Easter: What Does Resurrection Really Mean?

12 But if it is preached that Christ has been raised from the dead, how can some of you say that there is no resurrection of the dead? 13 If there is no resurrection of the dead, then not even Christ has been raised. 14 And if Christ has not been raised, our preaching is useless and so is your faith. 15 More than that, we are then found to be false witnesses about God, for we have testified about God that he raised Christ from the dead. But he did not raise him if in fact the dead are not raised. 16 For if the dead are not raised, then Christ has not been raised either. 17 And if Christ has not been raised, your faith is futile; you are still in your sins. 18 Then those also who have fallen asleep in Christ are lost. 19 If only for this life we have hope in Christ, we are of all people most to be pitied. 20 But Christ has indeed been raised from the dead, the firstfruits of those who have fallen asleep. 21 For since death came through a man, the resurrection of the dead comes also through a man. 22 For as in Adam all die, so in Christ all will be made alive. 23 But each in turn: Christ, the firstfruits; then, when he comes, those who belong to him. 24 Then the end will come, when he hands over the kingdom to God the Father after he has destroyed all dominion, authority and power. 25 For he must reign until he has put all his enemies under his feet. 26 The last enemy to be destroyed is death. 27 For he “has put everything under his feet.” Now when it says that “everything” has been put under him, it is clear that this does not include God himself, who put everything under Christ. 28 When he has done this, then the Son himself will be made subject to him who put everything under him, so that God may be all in all.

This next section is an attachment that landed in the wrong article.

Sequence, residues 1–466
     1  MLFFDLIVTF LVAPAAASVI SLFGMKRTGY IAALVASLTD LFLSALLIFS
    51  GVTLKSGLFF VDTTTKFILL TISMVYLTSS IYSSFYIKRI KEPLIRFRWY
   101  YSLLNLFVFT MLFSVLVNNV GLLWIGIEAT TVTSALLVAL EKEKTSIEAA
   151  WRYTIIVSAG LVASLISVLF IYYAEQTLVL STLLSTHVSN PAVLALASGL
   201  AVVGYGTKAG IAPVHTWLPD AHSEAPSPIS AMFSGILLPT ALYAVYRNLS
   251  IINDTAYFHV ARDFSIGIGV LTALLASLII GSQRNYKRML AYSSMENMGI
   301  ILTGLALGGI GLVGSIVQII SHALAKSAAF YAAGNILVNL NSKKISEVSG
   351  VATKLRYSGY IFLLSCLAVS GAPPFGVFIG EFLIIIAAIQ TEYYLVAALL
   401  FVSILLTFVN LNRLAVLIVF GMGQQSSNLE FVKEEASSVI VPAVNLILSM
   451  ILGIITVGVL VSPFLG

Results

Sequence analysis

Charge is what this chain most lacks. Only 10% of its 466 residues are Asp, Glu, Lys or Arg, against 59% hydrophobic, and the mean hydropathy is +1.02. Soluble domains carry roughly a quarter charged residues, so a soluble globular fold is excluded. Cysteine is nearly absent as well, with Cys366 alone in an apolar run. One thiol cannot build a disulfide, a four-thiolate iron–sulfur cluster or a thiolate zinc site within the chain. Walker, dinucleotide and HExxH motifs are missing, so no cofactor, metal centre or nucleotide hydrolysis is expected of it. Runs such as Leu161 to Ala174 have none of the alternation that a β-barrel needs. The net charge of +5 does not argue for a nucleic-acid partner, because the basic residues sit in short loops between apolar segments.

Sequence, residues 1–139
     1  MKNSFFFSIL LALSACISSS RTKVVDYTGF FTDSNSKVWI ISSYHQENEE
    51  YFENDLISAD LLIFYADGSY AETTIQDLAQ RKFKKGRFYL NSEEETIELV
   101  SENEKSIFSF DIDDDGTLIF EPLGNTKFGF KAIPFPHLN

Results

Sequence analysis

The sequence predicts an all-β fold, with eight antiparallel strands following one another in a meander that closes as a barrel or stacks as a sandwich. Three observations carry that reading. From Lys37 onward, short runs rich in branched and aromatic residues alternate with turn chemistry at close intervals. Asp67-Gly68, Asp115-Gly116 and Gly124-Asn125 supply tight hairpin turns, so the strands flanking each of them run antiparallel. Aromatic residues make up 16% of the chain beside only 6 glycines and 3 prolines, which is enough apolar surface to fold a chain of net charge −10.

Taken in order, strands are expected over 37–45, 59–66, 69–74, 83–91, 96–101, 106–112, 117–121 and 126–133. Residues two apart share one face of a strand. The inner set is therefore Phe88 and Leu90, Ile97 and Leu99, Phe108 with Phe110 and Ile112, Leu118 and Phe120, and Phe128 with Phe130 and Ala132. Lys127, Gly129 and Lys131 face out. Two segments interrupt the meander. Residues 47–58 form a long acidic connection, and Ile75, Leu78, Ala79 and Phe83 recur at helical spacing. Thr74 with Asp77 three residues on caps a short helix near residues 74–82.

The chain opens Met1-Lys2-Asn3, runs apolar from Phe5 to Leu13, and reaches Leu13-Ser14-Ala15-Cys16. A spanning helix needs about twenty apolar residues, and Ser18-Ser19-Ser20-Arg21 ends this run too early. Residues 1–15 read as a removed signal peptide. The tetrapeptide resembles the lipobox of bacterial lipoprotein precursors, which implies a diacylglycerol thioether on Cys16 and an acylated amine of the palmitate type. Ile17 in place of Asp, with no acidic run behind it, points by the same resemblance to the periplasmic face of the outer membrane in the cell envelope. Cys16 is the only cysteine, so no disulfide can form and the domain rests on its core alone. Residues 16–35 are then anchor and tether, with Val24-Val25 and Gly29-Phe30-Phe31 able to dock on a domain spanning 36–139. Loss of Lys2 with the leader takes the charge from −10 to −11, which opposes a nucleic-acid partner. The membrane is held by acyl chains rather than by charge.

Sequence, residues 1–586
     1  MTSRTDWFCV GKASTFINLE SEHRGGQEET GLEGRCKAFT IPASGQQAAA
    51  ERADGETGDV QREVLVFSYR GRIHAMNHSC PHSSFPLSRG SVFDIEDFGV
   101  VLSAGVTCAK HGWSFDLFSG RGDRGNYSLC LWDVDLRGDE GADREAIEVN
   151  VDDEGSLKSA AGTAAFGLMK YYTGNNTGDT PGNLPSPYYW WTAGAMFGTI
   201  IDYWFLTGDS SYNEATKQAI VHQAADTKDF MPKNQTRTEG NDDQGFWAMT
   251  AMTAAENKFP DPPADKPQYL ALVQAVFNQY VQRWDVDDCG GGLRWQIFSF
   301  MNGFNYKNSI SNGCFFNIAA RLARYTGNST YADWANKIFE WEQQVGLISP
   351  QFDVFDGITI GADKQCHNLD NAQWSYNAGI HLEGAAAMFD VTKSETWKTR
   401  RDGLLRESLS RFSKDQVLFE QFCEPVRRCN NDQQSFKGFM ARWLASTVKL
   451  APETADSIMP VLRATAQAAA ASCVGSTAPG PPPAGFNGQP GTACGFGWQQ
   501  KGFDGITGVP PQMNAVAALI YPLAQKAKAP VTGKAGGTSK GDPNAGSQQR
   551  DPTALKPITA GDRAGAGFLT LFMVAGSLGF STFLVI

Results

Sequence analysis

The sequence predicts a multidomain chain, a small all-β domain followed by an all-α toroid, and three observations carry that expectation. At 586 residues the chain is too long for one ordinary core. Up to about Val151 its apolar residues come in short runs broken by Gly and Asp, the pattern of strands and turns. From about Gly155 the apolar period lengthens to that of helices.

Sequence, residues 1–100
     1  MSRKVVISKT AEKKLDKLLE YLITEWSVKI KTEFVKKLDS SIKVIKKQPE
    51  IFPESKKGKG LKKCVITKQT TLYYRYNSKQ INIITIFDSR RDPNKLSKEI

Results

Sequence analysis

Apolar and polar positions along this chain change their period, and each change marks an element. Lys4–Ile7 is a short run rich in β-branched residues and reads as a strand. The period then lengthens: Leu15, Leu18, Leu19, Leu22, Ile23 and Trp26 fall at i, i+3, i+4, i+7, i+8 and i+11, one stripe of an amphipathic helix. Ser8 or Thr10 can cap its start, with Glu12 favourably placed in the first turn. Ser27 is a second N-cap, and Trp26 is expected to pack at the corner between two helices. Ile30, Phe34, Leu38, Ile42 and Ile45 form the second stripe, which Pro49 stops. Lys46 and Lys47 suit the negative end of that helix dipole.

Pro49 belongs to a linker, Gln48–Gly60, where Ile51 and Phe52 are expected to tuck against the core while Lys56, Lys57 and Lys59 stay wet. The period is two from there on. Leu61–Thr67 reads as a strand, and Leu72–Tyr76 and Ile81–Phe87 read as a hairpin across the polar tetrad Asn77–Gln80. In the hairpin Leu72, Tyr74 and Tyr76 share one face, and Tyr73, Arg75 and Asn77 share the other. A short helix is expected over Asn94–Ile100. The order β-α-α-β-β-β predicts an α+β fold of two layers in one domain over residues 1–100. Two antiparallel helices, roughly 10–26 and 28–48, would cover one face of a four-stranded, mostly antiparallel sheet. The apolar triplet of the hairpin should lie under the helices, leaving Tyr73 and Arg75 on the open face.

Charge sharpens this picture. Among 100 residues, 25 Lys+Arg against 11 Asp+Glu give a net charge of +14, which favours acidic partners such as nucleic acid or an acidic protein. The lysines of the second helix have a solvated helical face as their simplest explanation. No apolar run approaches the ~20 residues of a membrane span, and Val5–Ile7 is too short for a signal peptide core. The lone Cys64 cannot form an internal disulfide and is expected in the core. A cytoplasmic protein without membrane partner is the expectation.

–1 Corinthians 15.12-28 (NIV)

[Jesus said] 18 I will not leave you as orphans; I will come to you. 19 Before long, the world will not see me anymore, but you will see me. Because I live, you also will live.

–John 14.18-19 (NIV)

You recall that in yesterday’s lesson, Paul talked about the historicity of the Resurrection, about how we can be assured that Christ was bodily raised from the dead and appeared to several of his followers. We saw that Paul placed a premium on eyewitness accounts (his own included) and in telling the truth. In today’s lesson, Paul continues to lay out his defense of the Resurrection and we would do well to pay attention to what he says.